A utility building at the Millikan Way MAX station

Even the utility building gets in on the art action, with brick patterns suggesting trees of the small wetland behind. There’s a little creek that runs past the other side of the parking lot that I walk over to get to work, and while it’s not the prettiest thing, I do see beavers in there at times (I believe they live at the nearby Nike campus). Occasionally a muskrat too, but nutria are much more common as is true of many of Oregon’s waterways. And a few varieties of ducks, and the occasional great blue heron too.

Sinusoidal signal art at the Millikan Way MAX station

There are lots of other little art pieces around, from mathematical symbols to pine cones and leaves and the like. I love that TriMet did this and over the years I’ve thought about getting off at each stop on my commute to take pictures as the art varies from station to station, but so far I’ve only done it for the stop where I normally get off. I do have a small camera now that would be perfect for the task, but I’m eager to either get to work or get home to the pup who is waiting for her walk.


Our dog Ellie sits outside a door with a sign that says Women

I’ve seen this painting on a door many times but was never sure what it was supposed to represent. Regardless I love photographing the artwork in our neighborhood and finally one day had my camera with me as I walked past, only to discover I was unable to approach the entrance as it was guarded by the most fearsome hound. Only a Jedi could get past to approach the door, I thought to myself, and then I noticed the sign that said ‘Women’. And suddenly I understood, right here in our sleepy little neighborhood is a little enclave of female Jedi, fighting the good fight, while the rest of us go about our lives. Each time they vanquish a foe, another little lightsaber gets painted on the door.

Just so there’s no confusion, now when I walk past I say out loud how much I admire Obi-Wan Kenobi and how that Darth Vader is a real jerk (and upon hearing that the pup even let me move in for a nice close-up of the painting).

A painting on a door in the Irvington neighborhood of Portland

There’s more than a little truth to that.

I was eight years old when Star Wars came out. There was my life before Star Wars, and my life after. If there’s been a day since that I haven’t thought about something from that world, there haven’t been many. I don’t recall if I saw it more than once in the theaters, but it didn’t matter, it filled my imagination. All of it. Jedi, the Force, lightsabers, Wookiees, stormtroopers, X-wings, TIE Fighters, the Falcon, the Death Star. Han and Chewie. R2 and C-3PO. Luke and Leia. Obi-Wan and Vader.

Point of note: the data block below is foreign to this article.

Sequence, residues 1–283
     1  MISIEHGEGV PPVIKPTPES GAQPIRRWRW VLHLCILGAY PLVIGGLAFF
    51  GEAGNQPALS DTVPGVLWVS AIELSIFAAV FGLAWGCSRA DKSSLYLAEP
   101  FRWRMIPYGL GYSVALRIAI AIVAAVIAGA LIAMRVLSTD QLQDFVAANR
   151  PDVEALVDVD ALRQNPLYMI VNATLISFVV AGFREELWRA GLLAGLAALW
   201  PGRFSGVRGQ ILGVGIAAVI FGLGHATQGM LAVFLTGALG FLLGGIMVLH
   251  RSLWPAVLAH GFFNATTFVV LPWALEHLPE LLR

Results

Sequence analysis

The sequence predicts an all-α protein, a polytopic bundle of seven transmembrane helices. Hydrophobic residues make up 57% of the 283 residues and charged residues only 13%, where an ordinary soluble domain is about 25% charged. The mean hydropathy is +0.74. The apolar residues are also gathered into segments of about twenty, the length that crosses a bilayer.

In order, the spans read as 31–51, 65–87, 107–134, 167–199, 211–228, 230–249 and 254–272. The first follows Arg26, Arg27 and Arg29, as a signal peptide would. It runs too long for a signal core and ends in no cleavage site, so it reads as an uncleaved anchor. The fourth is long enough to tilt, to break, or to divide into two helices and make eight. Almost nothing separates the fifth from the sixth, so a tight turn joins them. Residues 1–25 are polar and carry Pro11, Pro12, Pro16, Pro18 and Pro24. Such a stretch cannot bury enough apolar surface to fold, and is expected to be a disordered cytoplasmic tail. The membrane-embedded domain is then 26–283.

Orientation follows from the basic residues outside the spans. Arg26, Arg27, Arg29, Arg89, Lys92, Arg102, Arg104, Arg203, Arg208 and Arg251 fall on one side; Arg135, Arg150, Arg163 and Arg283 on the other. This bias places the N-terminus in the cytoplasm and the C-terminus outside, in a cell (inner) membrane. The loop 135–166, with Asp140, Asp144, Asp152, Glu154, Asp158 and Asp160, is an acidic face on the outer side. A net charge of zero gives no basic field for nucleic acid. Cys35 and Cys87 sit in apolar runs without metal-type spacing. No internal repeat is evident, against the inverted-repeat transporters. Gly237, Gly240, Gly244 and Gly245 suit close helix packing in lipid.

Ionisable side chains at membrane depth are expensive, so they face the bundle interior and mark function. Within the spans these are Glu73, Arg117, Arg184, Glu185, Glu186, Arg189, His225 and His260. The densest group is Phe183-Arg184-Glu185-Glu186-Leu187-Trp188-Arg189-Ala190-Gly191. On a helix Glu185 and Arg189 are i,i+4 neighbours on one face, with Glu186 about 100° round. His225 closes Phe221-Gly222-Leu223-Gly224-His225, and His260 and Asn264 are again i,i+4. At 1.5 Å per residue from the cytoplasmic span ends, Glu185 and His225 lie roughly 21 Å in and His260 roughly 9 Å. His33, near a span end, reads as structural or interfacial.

Obi-Wan. Obi-Wan changed my life.

As I came of age, I enjoyed a good righteous anger and seeing people get what was coming to them, and wondered why in the gospels we were told to turn the other cheek if the other was struck, why we were to pray for our enemies. About vengeance not being ours to take. I didn’t see that in the national policy of our supposedly Christian country, or in many people I knew. These were central teachings, why were they ignored? What was I missing? And what was their point?

“There are alternatives to fighting.” You mystified me, Obi-Wan. I loved you and needed to understand you.

I was eleven when The Empire Strikes Back came out. Obi-Wan was gone (spoilers!) after sacrificing himself in the first movie, but now I had Yoda. A tiny little kid had a tiny little hero. There’s a scene where Yoda is teaching Luke to become a Jedi and Luke senses his friends are in trouble far away and rushes off to save them, before his training has completed. I had seen enough shows and movies on TV to know how the movie would play out, that Yoda would shake his head at his eager apprentice, with a knowing grin and maybe even a wink to the camera, and then Luke would go and save his friends.

He was the good guy. Right beats might.

Except it didn’t. Yoda was depressed when Luke left. Luke didn’t save his friends, they had to save him. Han got captured anyway.

What? WHAT?

For years Empire made me think about life more than any movie before or since. I knew Obi-Wan and Yoda were fictional characters but I thought often of what they did, and why. About not giving in to anger, even righteous anger that I felt was mine to hold, about how it would harden you. Forgiveness wasn’t just for the benefit of those you forgave, but for yourself. Anger, even righteous anger, maybe especially righteous anger, could destroy you, slowly, without you noticing. Forgive. Seventy times seven. And again.

Stand up for what’s right. Don’t give in to anger. Forgive, forgive, forgive.

I was a quiet kid who kept too much inside, tried too hard to figure things out on my own, and perhaps it’s a little ridiculous that two fictional characters would make it so much easier for me to take messages from the gospels that I loved and apply them in my own life, but so it was.

So it delighted me to no end to see in the new Star Wars movies, The Force Awakens and Rogue One, women and people of color in central roles, unapologetically strong. Representation is important. I love that more people can look up on the screen and see people that look like them, and want to be like them too.